By Riki Shore
Kumquats are tiny oblong fruits shaped like olives, but with the skin of oranges. They are expensive, full of seeds, and very sour. The best thing is if a friend has a kumquat tree and gives you a big bowl of them and you’re wondering how in the world to eat them. This recipe, adapted from Thomas Keller’s Ad Hoc at Home, uses the natural pectin in the fruit, which helps the marmalade set, and matches it with sugar and tangerines for increased sweetness. Pair this marmalade with cheeses and charcuterie, or use it as a glaze on baked chicken.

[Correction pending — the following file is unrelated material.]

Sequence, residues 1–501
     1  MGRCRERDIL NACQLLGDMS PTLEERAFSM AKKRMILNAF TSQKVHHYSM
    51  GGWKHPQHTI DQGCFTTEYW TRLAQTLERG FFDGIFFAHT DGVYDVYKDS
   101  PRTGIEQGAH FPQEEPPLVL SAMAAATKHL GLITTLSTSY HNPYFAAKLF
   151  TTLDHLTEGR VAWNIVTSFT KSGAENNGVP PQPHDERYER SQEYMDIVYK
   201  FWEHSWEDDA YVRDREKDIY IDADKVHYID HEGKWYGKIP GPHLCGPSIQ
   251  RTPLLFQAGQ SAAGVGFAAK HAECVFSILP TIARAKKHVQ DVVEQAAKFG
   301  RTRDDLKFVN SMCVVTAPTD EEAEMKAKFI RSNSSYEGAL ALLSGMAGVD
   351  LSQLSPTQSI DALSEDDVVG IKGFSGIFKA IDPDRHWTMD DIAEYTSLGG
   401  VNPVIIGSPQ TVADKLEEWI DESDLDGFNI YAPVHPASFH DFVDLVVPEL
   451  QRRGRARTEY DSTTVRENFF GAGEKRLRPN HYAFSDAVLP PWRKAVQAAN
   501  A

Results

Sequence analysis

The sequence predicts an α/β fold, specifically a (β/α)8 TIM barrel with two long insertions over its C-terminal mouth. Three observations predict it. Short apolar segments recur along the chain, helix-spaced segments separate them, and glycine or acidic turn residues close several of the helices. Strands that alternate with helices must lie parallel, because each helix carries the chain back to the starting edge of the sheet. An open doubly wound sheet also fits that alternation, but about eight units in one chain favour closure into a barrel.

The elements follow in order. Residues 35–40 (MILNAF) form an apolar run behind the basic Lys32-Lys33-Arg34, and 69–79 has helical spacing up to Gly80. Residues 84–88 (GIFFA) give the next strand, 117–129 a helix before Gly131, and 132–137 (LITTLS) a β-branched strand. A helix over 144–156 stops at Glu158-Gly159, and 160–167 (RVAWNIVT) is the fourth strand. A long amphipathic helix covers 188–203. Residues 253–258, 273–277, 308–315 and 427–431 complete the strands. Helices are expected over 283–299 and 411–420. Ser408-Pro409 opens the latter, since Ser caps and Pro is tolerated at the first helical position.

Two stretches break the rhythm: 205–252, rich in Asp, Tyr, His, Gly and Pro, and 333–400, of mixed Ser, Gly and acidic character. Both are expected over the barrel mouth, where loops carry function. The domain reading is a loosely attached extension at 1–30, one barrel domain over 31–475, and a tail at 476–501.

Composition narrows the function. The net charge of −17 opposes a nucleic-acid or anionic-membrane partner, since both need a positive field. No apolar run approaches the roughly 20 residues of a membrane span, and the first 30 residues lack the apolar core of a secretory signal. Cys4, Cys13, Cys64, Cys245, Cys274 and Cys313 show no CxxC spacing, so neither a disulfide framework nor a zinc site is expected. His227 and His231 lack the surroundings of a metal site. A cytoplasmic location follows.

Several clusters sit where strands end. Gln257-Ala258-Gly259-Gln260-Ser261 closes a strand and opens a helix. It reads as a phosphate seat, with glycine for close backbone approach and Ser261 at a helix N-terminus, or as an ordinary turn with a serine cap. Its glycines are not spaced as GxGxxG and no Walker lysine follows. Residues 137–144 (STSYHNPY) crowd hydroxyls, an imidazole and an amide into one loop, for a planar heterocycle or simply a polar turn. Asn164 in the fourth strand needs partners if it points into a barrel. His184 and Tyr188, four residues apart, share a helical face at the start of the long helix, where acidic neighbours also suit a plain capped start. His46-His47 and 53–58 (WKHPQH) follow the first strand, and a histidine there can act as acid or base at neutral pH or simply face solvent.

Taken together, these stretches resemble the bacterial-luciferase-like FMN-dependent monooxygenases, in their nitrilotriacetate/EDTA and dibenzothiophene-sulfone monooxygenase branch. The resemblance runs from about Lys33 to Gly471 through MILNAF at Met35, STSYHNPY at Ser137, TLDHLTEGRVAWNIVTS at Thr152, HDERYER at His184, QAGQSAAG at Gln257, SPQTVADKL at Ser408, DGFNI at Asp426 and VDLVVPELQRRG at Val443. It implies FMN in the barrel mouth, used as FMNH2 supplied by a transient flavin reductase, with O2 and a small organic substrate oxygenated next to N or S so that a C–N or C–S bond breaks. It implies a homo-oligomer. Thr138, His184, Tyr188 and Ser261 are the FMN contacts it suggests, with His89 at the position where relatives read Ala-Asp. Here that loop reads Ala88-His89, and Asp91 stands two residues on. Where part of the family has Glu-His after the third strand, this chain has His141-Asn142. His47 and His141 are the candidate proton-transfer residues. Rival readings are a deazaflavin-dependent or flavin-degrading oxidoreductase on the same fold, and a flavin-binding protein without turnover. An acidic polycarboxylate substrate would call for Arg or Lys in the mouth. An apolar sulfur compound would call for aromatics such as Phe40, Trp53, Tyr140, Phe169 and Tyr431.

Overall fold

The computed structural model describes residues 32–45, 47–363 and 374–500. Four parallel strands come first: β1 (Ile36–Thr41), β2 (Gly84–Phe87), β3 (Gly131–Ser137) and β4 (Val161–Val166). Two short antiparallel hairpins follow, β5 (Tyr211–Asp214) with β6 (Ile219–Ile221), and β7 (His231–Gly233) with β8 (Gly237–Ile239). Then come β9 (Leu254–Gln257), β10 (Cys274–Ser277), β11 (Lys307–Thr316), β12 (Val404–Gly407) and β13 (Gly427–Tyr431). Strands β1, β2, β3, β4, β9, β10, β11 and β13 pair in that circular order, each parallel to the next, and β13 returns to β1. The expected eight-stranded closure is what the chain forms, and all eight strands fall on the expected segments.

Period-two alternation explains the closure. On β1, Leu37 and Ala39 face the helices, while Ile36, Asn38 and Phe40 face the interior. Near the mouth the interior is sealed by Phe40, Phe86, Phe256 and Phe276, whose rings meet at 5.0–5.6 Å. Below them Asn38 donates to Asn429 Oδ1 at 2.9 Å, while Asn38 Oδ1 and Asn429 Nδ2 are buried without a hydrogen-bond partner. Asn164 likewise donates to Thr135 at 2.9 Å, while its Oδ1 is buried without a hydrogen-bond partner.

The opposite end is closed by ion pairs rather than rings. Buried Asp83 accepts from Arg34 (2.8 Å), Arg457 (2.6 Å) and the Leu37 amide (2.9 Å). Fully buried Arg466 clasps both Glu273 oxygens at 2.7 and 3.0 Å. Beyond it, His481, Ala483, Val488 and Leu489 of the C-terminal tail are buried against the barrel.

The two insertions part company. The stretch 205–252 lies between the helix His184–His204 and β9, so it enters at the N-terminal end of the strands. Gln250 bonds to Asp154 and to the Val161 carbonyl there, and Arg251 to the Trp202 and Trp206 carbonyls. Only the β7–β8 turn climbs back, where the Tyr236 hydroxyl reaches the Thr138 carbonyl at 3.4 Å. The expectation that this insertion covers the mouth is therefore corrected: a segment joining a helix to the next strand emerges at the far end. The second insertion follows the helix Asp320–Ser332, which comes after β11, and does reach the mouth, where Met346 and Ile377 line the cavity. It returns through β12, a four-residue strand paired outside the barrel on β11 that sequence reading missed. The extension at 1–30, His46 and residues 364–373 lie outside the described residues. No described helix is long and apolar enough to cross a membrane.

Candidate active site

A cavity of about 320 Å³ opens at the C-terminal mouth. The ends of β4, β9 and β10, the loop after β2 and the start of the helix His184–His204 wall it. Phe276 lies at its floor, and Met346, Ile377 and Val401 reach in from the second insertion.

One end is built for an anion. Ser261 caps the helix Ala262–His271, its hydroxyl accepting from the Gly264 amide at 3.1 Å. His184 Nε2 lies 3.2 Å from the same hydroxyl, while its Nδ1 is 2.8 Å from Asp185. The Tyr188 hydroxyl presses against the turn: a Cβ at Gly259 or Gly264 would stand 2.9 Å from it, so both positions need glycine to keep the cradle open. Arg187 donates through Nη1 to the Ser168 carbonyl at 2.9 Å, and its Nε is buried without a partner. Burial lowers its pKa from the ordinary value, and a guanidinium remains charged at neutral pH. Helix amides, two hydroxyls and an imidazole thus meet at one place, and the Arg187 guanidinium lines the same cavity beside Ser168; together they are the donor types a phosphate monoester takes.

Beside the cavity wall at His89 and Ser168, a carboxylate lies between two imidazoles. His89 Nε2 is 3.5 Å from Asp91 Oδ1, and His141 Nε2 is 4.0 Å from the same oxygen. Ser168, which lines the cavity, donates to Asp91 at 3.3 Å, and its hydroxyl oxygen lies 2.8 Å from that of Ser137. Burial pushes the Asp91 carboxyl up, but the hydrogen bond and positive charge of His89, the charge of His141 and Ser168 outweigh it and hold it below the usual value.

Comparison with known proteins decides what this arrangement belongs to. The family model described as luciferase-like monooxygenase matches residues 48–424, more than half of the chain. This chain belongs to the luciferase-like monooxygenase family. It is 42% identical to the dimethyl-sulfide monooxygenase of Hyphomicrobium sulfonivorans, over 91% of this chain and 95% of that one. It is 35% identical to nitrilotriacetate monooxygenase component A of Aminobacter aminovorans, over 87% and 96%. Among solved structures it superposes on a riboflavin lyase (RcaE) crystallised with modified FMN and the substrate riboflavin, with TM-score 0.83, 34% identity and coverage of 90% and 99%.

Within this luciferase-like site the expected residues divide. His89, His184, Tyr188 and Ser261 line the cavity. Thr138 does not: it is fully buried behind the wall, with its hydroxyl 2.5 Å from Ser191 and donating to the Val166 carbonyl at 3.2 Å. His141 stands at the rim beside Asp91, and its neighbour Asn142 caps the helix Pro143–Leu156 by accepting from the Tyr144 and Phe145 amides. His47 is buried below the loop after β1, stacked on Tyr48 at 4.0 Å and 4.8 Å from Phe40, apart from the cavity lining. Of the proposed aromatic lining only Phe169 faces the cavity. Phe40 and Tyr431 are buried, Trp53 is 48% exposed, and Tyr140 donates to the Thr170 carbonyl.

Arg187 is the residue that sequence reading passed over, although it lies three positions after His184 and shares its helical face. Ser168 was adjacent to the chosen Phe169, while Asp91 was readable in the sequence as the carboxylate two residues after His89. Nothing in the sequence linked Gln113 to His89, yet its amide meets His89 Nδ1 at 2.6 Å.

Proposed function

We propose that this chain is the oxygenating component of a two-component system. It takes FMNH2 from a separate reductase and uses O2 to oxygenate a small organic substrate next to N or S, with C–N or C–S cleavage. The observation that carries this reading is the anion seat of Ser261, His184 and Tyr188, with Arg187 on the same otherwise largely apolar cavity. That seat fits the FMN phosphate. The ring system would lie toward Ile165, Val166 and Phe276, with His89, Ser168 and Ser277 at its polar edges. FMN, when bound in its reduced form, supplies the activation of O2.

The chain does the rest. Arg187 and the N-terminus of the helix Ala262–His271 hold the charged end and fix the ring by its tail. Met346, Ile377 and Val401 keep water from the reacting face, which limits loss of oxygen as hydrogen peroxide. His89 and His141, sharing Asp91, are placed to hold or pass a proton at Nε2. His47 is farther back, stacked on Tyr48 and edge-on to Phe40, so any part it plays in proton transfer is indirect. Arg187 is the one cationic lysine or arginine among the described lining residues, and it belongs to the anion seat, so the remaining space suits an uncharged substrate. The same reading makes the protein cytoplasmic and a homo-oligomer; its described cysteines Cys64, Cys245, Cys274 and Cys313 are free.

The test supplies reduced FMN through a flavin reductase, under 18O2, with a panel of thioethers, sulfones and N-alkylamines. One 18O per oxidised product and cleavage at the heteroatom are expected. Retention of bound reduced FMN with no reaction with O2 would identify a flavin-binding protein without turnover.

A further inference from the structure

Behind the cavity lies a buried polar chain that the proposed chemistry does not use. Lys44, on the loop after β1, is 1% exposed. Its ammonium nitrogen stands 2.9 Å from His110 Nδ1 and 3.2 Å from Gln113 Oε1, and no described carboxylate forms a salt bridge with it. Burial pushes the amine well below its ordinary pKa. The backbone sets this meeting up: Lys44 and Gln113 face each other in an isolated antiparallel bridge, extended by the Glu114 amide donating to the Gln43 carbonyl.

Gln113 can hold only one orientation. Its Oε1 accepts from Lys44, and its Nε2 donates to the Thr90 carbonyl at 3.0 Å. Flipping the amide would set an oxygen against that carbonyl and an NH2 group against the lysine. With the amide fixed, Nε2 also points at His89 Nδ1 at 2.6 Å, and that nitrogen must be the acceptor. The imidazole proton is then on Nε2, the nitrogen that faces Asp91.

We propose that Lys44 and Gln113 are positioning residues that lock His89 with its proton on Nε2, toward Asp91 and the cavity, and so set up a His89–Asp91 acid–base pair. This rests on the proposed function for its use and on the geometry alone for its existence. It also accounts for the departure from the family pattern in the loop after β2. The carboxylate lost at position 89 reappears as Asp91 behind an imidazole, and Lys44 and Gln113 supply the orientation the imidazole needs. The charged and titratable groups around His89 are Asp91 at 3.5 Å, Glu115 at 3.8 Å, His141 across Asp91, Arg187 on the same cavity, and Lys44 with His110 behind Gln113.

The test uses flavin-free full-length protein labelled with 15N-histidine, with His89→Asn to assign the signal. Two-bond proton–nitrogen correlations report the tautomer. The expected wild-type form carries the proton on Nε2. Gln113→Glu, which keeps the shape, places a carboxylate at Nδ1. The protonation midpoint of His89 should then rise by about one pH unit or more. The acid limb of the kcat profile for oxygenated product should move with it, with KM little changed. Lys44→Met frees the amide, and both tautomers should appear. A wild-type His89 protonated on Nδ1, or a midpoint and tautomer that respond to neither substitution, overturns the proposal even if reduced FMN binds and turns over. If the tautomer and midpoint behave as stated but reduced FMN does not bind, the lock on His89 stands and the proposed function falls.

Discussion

Halve and seed:
1 pound kumquats
Place kumquats in a bowl with enough cold water to cover for 24 hours. Placing a plate directly on top of the kumquats will help keep the fruit submerged.
Drain the kumquats and place them in a heavy pot or dutch oven. Add:
4 tangerines, peeled, deseeded, and chopped
1 cup tangerine juice
1 1/2 cups plus 1 tablespoon sugar
Insert a candy thermometer on the side of the pot. Bring to a simmer and cook until the thermometer measures 215 – 220 degrees. To test doneness, place a spoonful of marmalade on a plate and place it in the refrigerator for 5 minutes. If it’s still runny, return it to the pot and keep cooking. If it’s set, the marmalade is done.
Pour the marmalade into clean, sterilized jars, cover, cool to room temperature and refrigerate. Marmalade keeps up to 1 month.